Anand
    Reply
  • gamigin - Thursday, November 17, 2005 - link

    Most CPU architects certainly do not use the term "dice" as the plural to a manufacturing die.

    It's probably the same Microsoft guys who standardized the non-word "canonicalize"
    Reply
  • Kilim - Thursday, November 17, 2005 - link

    Ah dude, are you saying that "normal" dice are only for six sided dice? Ohhhh, someone is trying to get the D&D guys to start flaming him, lol. =p. Reply
  • linuxOwnzIfUrLeet - Thursday, November 17, 2005 - link

    I lost the link to the mod chip can someone post?
    Reply
  • LoneWolf15 - Thursday, November 17, 2005 - link

    1) If I buy the cheaper XBox360, how easy is it to add my own notebook hard disk later if I want it? Would have been very useful to know, and wasn't made clear.
    2) Media playback compatibility info --I'm sure the unit can play DVD's, and probably MP3's, but can it play DivX content? Xvid? MPEG-4 or HD WMV? These would be good things to know. A video game console has moderate usefulness to me; a video game console with broad media playback capabilities far more so.

    Finally, a comment to Microsoft: If the Xbox360 had Media Center compatibility (read: PVR), I'd have bought it in a heartbeat without having to think about it. It would be the perfect home theater convergence device. It's really too bad this wasn't an option.
    Reply
  • Penth - Thursday, November 17, 2005 - link

    In response to your second point, the XBox360 does include support for Windows Media center. That is my main point of interest as well. The latest update rollup for windows media center 2005 (was released just over a month ago) adds support for the xbox360. Notice in the picture of the remote it also has the green button. Reply
  • LoneWolf15 - Friday, November 18, 2005 - link

    quote:

    In response to your second point, the XBox360 does include support for Windows Media center. That is my main point of interest as well. The latest update rollup for windows media center 2005 (was released just over a month ago) adds support for the xbox360. Notice in the picture of the remote it also has the green button.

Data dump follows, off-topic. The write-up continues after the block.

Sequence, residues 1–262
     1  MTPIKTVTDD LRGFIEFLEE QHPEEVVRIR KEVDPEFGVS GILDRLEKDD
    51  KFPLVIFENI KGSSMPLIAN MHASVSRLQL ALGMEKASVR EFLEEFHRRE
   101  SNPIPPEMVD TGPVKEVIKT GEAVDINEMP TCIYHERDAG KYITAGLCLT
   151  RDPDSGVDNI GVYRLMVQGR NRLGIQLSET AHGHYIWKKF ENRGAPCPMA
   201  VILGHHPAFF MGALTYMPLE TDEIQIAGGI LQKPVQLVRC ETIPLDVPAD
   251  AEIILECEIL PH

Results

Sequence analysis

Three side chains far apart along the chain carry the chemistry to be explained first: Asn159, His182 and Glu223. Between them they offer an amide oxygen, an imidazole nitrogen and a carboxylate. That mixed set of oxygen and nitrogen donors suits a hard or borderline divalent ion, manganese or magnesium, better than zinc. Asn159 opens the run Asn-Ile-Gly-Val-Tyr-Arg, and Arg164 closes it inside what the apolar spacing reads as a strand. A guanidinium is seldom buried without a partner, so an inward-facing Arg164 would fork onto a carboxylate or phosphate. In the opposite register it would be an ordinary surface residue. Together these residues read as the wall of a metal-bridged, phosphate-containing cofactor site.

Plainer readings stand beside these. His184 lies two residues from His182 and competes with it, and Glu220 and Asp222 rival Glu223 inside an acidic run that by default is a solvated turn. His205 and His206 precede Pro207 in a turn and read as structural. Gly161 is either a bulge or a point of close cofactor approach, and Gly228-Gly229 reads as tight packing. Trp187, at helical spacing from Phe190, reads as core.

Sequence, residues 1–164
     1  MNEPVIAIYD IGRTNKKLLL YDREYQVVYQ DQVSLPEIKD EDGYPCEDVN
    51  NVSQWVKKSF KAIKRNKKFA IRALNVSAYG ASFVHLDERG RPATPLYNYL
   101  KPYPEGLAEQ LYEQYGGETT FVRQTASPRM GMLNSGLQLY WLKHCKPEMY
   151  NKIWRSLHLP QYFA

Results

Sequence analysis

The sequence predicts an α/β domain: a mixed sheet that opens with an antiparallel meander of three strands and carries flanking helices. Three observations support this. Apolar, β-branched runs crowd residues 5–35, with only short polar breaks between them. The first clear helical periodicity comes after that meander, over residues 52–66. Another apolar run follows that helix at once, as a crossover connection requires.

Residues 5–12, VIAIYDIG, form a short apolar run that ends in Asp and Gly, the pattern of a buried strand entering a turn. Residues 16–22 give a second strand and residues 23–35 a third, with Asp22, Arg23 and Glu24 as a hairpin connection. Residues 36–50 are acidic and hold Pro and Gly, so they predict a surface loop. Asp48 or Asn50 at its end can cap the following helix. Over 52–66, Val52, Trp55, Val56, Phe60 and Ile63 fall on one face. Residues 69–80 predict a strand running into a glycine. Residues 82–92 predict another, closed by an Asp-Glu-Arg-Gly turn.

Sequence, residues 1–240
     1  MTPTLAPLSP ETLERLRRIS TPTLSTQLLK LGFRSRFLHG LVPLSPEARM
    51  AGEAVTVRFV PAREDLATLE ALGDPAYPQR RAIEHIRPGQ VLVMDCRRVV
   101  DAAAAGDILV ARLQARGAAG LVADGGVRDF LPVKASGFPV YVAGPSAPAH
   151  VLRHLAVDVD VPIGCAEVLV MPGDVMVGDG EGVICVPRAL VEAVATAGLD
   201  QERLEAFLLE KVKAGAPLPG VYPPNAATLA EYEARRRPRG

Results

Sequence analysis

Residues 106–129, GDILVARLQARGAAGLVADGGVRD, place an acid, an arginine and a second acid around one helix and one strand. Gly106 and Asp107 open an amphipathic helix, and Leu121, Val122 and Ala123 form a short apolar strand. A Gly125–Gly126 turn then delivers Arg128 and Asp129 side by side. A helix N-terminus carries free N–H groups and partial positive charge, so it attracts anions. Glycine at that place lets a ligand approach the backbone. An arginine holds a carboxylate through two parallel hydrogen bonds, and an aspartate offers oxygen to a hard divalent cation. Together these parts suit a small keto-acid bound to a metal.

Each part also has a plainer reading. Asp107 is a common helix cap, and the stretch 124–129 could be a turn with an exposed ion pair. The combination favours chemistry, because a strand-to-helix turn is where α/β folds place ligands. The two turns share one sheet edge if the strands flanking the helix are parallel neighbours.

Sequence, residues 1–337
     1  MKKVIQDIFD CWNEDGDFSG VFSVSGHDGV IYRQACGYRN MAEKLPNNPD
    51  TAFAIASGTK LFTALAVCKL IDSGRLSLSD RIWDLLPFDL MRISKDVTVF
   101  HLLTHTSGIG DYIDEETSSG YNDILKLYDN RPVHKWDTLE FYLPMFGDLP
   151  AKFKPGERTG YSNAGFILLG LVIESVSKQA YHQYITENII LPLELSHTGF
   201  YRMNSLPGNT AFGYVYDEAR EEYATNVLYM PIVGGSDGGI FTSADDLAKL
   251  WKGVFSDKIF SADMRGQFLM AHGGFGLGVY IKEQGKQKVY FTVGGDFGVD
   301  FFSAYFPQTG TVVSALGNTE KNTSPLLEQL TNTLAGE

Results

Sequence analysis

According to what I've read, that's support for a Windows Media Center PC attatched to it, not the ability to run Windows Media Center.. That's not really what I want. I want to be able to hook the thing up to a TV, insert a CD or DVD with DivX content on it, and just play back that way. Still not clear if I can do that.
    Reply
  • Ecmaster76 - Wednesday, November 16, 2005 - link

    I demand further disassemblage of the DVD!

    Check and see if it is a single chip SATA logic or a bridged soulution please. If its the former, I predict a surge in availability of cheap, (oem?) SATA DVD-ROMs.

    Which is good news for people who like cable management or own a newer Intel mothernoard.
    Reply
  • Xenoterranos - Thursday, November 17, 2005 - link

    I was dissapointed in the RAM being soldered to the board. I was looing forward to ramming a couple gig-sticks in there. Reply
  • Griswold - Thursday, November 17, 2005 - link

    Open case - ramm a couple sticks in - close case - shake it - done. Reply
  • Googer - Wednesday, November 16, 2005 - link

    I went to my local Worst Buy and played call of duity 2. The graphics were cr*p with no anti-aliasing. If this is any indication of what to expect from this console then PC games and their players should have little to worry about. Reply
  • dj 315 - Wednesday, November 16, 2005 - link

    Still it seems most have been set up incorrectly Reply
  • nyquistcapital - Wednesday, November 16, 2005 - link

    Thanks for the close up shot of the South Bridge device. Can you provide more close ups of the 208PQFP directly above the GPU, and the other component to the left of the GPU, past the 2x DDR.

    Really cool stuff guys!
    Reply
  • lymz - Wednesday, November 16, 2005 - link